Furthermore, Equatorial Guinea does not have any significant industrialisation. There are no decent jobs drawing people to cities. As a result, urban growth has lagged far behind economic growth – and inequality has soared.

Of course, these factors are only a part of the answer. The graph presents many different countries with very different economic, social and political contexts. However, all of these examples call for ambitious policies from African national governments to ‘fix’ the relationship between growth and urbanisation and sustainably tap into the potential of cities.

By providing essential infrastructure and land tenure to urban dwellers, governments can enhance health and education and therefore economic productivity.

A new report from the Coalitions for Urban Transitions shows that National Urban Policies (NUPs) are a powerful tool at the service of African governments to drive change in cities and unlock their economic, social and environmental potential. If well designed, NUPs can ensure that urbanisation serves the national economic interest – and can ‘repair’ the broken relationship between urbanisation and growth on the African continent.

Catlyne Haddaoui is a research analyst for the Coalition for Urban Transitions.

 
 
 
 

What’s behind the rise of the ornamental restaurant toilet?

Toilets at Sketch restaurant, London. Image: Nik Stanbridge/Flickr.

A few weeks ago, I found myself in the toilets of a zeitgeisty new Italian restaurant in east London called Gloria. As with so many contemporary restaurant toilets, those in question were an aesthetic extension of the establishment’s soul. The inventive menu was matched by two-way mirrored toilet doors.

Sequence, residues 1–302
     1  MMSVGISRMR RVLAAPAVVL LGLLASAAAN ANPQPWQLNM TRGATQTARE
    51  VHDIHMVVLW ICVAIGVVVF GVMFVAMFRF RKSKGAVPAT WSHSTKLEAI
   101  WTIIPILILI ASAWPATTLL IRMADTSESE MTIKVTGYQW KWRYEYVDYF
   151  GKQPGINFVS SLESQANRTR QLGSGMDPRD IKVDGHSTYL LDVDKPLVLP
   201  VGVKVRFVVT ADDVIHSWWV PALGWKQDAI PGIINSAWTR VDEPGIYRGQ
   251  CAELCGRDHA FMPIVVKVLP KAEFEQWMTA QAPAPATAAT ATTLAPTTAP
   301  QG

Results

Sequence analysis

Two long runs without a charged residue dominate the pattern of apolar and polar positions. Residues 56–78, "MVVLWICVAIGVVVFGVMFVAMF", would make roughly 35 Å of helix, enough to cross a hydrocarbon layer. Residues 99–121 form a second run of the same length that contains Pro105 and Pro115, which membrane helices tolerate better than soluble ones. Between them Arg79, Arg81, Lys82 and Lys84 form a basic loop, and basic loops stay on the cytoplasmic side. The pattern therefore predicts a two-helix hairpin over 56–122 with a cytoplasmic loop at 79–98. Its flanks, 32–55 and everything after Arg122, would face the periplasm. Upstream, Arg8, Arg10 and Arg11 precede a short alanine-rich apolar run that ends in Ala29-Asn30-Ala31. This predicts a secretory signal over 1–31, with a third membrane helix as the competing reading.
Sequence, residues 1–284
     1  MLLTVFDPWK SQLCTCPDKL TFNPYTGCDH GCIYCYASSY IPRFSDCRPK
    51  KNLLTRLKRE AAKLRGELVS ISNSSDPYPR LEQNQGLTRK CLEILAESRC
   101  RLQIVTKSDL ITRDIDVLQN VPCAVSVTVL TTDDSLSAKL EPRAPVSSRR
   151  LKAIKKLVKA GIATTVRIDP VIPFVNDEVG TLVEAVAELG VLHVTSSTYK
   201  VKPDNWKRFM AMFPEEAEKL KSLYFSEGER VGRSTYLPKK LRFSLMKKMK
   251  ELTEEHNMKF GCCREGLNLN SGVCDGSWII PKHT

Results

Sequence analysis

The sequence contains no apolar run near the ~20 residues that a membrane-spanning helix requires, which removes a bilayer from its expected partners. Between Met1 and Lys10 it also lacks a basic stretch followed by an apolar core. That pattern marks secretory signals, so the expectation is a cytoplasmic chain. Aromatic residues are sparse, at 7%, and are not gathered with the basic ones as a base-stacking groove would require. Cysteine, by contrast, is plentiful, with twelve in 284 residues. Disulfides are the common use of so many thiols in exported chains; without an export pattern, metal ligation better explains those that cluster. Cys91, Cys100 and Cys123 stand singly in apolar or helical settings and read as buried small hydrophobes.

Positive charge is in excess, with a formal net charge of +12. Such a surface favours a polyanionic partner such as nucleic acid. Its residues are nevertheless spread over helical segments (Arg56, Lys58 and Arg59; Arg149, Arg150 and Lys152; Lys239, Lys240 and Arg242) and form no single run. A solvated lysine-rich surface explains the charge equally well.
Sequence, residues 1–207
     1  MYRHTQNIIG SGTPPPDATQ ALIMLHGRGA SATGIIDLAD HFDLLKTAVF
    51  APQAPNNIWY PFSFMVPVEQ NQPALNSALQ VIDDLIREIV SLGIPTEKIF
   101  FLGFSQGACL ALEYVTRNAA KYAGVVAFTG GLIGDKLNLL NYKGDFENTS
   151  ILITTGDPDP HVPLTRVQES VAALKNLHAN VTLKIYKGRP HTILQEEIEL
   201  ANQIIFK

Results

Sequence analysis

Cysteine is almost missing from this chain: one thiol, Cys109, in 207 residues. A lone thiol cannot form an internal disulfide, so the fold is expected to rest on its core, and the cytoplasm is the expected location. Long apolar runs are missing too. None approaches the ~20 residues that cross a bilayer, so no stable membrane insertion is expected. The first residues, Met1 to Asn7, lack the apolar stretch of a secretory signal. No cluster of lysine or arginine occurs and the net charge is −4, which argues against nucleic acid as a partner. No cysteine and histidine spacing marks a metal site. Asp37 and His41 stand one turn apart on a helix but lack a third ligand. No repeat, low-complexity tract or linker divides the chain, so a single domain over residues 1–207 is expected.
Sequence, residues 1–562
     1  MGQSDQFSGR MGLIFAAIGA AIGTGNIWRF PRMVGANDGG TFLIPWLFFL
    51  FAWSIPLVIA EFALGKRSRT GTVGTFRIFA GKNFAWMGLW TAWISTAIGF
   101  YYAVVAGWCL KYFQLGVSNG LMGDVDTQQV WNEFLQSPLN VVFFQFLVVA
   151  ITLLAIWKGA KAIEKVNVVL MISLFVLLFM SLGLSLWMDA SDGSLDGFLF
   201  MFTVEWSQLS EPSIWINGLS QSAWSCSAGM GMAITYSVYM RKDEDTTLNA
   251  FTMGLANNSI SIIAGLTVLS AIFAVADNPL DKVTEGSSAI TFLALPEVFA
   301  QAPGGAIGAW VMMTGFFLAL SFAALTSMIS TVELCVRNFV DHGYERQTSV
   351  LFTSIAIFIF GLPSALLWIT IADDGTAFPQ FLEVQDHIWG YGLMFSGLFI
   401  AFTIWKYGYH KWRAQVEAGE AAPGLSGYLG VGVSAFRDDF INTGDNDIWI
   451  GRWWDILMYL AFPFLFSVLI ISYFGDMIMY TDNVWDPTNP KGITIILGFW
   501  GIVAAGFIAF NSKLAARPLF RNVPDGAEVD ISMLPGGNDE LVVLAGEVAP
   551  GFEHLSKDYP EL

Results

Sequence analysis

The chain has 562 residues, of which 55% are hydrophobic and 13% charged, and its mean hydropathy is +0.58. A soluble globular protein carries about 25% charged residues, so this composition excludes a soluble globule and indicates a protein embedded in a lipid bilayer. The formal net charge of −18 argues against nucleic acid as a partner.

The setup was this: cubicle occupants could see out while the unisex crowd milling around the taps could check their outfits on the exterior mirrors. All fun and games, I thought. But then I found myself mid toilet with a guy peering into my door to change his contact lens. Either he had spectacularly bad manners or he was unaware of the two-way door thing. (Let’s hope it’s the latter.)

Gloria’s toilets aren’t unique in their attempt to be distinctive. The loos at nearby Mr Fogg’s Maritime Club & Distillery are adorned with specimen boards of dead spiders. Meanwhile, Edinburgh’s The Sun Inn invites patrons to pee in buckets, and trumpets double as urinals in The Bell Inn in East Sussex. Men can wee into the vista if they’re dining in the Shard. And Sketch’s ovum shaped loos are the stuff of urban legend.

Further afield, transparent doors become frosted only after they’re locked at Brussels’ Belga Queen. In Otto’s Bierhalle in Toronto, diners can press a button to activate their own private rave. And the toilets in Robot Restaurant in Tokyo have gold-plated interiors and dancing robots.

What’s behind this trend? Are quirky toilets just a bit of fun – or an unnecessary complication to the simple act of going for a wee and checking you don’t have tomato sauce on your chin?